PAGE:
They don't play anywhere near as frequently as most of their Full Member counterparts do, but 2020 was supposed to be different for Zimbabwe. They began the year with a home Test series against Sri Lanka, followed that with a full tour of Bangladesh, and were set for a lot more cricket - they were due to be playing Ireland this month, and fixtures against Afghanistan, Australia, India and Netherlands were to come later this year - only for the Covid-19 (novel coronavirus) pandemic to put all of it on hold.

While the pandemic has affected the sport all over the world, it will hit Zimbabwe particularly hard, according to their premier batsman Brendan Taylor.

"Personally, this break is not doing us any favours," Taylor told the Zimbabwean weekly The Standard. "I feel we are a team that needs to be playing more often; we've always been starved of cricket. This year we had a full schedule of international cricket, but that's now been jeopardised by this pandemic. So it's extremely frustrating and hurtful times.

"But there are people out there losing their lives and their loved ones to this terrible virus, so at the end of the cricket is not so important anymore, is it?"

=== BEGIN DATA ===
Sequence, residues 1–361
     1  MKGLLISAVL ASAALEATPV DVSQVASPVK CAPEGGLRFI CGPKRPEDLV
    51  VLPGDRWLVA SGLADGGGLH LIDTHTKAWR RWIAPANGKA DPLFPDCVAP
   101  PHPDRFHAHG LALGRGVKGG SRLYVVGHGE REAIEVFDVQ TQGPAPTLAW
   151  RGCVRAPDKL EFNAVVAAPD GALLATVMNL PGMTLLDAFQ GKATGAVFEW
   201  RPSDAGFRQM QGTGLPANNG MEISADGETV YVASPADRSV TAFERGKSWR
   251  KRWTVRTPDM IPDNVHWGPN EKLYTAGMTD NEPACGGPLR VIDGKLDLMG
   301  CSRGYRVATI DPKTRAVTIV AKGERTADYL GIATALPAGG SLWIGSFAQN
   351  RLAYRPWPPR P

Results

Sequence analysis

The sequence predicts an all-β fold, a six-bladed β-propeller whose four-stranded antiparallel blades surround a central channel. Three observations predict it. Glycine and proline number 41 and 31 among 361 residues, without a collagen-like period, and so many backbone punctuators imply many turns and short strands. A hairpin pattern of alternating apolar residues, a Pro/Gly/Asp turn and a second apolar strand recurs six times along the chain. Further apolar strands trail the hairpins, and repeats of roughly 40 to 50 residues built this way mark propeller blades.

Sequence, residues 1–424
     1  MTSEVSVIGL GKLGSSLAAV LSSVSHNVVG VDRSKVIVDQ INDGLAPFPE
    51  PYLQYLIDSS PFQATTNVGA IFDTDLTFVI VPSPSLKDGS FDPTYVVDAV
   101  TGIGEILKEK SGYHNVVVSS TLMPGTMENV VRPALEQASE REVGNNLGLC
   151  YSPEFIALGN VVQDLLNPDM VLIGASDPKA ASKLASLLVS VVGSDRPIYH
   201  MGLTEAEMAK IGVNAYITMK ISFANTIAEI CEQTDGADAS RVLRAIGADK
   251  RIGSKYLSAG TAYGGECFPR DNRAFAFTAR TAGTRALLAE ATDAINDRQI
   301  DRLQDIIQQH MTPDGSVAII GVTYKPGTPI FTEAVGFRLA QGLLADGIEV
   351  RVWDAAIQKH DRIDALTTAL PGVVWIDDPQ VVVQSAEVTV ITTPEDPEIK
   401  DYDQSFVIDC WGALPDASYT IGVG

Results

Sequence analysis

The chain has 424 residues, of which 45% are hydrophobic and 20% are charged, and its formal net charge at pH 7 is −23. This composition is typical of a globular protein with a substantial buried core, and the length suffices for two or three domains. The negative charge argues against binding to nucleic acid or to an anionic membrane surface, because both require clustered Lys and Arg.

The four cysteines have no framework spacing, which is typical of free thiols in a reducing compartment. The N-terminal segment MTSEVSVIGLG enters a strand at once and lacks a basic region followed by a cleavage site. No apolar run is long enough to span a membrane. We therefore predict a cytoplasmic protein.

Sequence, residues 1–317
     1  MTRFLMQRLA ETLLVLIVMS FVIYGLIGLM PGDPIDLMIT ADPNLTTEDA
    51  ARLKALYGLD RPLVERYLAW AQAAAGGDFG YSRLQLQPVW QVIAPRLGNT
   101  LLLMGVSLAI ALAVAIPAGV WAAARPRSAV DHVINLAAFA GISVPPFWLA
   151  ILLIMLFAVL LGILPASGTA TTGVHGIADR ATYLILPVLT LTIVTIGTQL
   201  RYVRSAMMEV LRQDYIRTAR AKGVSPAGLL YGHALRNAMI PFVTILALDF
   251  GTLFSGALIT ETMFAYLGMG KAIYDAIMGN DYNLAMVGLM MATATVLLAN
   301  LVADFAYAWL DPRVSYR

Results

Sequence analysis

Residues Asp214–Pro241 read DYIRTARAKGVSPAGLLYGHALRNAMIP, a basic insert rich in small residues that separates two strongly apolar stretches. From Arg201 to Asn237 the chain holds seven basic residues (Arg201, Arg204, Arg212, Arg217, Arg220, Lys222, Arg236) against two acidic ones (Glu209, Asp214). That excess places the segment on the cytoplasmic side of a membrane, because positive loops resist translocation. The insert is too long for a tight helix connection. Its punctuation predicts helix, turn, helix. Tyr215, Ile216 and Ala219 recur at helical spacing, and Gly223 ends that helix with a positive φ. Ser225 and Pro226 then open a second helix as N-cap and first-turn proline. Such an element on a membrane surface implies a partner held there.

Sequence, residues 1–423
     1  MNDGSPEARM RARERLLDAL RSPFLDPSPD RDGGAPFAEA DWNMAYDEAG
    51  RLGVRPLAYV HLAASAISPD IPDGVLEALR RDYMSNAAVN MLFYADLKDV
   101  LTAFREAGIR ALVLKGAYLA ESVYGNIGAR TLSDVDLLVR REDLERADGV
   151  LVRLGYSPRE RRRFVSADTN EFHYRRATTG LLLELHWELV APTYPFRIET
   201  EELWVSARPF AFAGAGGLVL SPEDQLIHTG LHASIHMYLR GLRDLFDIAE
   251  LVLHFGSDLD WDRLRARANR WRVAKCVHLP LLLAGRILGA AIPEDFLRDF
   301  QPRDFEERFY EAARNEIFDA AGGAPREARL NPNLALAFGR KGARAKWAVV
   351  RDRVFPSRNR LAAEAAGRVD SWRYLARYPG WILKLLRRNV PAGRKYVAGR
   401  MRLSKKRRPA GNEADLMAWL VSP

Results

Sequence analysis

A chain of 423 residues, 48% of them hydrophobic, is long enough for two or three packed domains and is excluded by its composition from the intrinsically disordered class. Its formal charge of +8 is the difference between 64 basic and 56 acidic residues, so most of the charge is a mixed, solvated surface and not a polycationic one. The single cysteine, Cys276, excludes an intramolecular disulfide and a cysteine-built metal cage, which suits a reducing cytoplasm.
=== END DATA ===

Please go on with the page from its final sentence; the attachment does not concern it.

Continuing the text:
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The sporadic nature of their international assignments, Taylor felt, had hurt Zimbabwe in the past, and he suggested that the busy schedule planned for this year could have helped the team build momentum.

"We'd have obviously wanted to be playing, I'm sure everyone would have wanted that because in the past we gained momentum when we were playing regularly and unfortunately we've always been hampered by the fact that we play a series and then we don't play for three or four months.

"[But] there's a bigger picture here and cricket will come back eventually and when that time comes everyone will be chomping [sic] at the bit to get going."

As hard as their situation is right now, Taylor felt Zimbabwe's players were in a position where they could help less privileged sections of society get through the pandemic.

"I think it's a time where as players we can be a little more proactive, setting up GoFundMe pages trying to help the old, the homeless, and that's a big issue in our country," he said. "When this virus comes to an end it will be nice to support local business, restaurants and other areas that are in desperate need and that's where as players we are very lucky to be in a position to give back."